Representing the creative future

Quarantine Dispatch #2: Designing between Wuhan and New York

As part of our series where we share your thoughts and feelings in quarantine, Parsons fashion student Terrence Zhou puts his reality into words

As part of our series where we share your thoughts and feelings in quarantine, Parsons fashion student Terrence Zhou puts his reality into words

How are you feeling? What are you thinking? What’s happening? Bored, stressed, inspired, uninspired, calm, restless, frustrated, anxious? There’s no “right” way to cope with a pandemic. Reading through these submissions, despite the practical differences of each situation, we felt a reassuring sense of familiarity and gratitude. Maybe you can too. 

 

Terrence Zhou, BA Fashion Design student, Parsons School of Design, New York:

In recent months I faced two painful realities. My home in Wuhan was awash with tragedy and fear. My close family was damaged and lost in unforgiving darkness. That was in early February when I was busy preparing for my final collection. It was hard to ignore what was happening to my city and to my family during that time. I’m glad that Wuhan has relaxed the lockdown and people are back to their normal lives. NYC is ravaged by the coronavirus crisis. Designers and students are suffering. I remember waking up one day and couldn’t help but have a feeling of despair. The number of patients in NY had soared to 200k. Now, more than ever, the physical aspects of my work that link to connection and isolation began to reflect the separation I was facing from my loved ones. My work gives me faith and passion. Being aware of obstacles doesn’t panic me anymore. The importance of understanding and making contact when facing unknown situations is achingly natural. I hope we feel compelled to consider one another, start dropping our barriers and remind ourselves of the importance of being human.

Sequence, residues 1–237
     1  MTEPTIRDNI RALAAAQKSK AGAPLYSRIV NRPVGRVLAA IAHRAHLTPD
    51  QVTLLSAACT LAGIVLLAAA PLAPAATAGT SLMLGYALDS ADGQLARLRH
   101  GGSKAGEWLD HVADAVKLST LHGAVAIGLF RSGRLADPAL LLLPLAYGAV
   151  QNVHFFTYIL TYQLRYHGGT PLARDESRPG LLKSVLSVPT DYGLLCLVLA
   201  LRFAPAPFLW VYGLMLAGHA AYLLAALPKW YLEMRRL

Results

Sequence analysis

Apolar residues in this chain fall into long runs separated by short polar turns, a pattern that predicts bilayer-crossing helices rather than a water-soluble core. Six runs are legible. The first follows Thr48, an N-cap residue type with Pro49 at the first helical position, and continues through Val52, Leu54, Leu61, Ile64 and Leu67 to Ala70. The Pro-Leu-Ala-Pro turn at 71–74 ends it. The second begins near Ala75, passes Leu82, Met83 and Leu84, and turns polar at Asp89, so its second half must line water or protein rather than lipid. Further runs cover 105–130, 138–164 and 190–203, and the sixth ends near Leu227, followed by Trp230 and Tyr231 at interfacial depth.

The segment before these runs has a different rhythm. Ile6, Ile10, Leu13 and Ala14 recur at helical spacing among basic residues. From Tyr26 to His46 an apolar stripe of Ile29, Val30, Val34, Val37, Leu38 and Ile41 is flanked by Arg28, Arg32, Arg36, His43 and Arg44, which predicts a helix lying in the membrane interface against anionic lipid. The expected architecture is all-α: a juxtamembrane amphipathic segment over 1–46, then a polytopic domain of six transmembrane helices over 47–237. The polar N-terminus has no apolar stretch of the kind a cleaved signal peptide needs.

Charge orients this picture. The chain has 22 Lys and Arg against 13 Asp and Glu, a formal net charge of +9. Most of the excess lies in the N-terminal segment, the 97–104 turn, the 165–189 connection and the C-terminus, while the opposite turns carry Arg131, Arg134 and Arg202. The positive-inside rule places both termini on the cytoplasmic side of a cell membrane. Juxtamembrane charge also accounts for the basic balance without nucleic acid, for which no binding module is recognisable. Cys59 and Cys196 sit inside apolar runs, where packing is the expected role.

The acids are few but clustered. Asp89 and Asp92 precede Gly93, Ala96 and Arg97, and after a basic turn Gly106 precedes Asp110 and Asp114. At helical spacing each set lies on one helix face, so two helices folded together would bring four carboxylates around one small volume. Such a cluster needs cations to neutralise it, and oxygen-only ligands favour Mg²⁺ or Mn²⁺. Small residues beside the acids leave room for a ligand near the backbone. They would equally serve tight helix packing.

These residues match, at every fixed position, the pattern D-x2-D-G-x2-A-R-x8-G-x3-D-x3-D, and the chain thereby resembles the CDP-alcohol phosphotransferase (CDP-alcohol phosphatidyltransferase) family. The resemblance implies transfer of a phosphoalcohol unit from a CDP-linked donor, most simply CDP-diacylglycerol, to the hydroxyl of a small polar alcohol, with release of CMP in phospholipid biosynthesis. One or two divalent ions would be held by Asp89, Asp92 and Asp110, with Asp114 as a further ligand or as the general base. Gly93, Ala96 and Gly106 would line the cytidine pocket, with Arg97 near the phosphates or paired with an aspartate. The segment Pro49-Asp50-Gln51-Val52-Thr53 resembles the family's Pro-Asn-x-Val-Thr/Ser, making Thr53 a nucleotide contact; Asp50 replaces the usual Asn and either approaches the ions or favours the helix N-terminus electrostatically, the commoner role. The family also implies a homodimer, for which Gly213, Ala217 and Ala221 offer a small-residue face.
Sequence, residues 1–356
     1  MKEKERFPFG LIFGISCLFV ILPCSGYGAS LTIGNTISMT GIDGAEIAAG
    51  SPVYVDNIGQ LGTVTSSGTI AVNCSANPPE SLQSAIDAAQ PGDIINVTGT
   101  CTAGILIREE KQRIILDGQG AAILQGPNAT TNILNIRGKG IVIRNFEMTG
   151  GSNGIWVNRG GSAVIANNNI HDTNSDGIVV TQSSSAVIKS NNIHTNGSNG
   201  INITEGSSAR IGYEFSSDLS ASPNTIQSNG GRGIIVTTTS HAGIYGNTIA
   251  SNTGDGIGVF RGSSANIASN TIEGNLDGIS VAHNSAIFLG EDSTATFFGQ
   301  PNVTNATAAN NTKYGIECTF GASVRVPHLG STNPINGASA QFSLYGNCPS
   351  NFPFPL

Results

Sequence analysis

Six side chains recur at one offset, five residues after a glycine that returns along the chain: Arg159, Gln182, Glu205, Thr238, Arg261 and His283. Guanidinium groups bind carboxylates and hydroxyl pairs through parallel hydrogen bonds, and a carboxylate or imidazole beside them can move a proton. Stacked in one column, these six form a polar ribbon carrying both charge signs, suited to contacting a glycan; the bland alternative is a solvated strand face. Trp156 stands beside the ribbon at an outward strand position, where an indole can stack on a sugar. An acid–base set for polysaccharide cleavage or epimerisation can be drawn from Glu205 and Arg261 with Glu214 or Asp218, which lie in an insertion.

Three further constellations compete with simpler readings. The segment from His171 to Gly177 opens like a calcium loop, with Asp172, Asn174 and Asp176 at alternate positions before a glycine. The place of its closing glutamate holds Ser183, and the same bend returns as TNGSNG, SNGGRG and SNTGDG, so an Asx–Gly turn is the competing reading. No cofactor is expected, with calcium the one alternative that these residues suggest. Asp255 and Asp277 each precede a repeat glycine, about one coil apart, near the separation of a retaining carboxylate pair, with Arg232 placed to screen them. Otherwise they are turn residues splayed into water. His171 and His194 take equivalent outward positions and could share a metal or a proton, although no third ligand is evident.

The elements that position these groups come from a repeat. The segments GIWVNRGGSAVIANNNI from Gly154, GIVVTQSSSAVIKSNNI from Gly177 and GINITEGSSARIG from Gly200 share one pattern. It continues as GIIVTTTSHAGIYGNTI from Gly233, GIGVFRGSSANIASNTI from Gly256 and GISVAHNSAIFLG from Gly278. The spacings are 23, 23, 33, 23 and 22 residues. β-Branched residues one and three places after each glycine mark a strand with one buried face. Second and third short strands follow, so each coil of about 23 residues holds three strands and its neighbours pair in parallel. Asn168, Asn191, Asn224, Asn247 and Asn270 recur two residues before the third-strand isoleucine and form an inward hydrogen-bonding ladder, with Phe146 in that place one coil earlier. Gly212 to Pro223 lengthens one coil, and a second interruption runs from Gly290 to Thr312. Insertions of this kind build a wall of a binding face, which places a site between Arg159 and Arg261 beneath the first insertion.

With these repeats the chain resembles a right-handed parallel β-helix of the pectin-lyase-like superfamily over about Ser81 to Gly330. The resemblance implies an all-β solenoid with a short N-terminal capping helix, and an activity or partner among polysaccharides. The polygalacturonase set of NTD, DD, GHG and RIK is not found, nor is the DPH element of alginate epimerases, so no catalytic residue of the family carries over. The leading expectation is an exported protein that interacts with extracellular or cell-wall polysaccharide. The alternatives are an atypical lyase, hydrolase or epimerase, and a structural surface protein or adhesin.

1 Granary

Magazine Issue 6

With unprecedented honesty and depth, 1 Granary Issue 6 dives into the work and lives of fashion designers today. As a response to the construction of desire and personality cults that govern our industry, the magazine steps away from the conventional profiles and editorials, focussing instead on raw work and anonymous, unfiltered testimonies. For the first time ever, readers are given a truthful insight into the process, dreams, fears, hardships, and struggles of today’s creatives.

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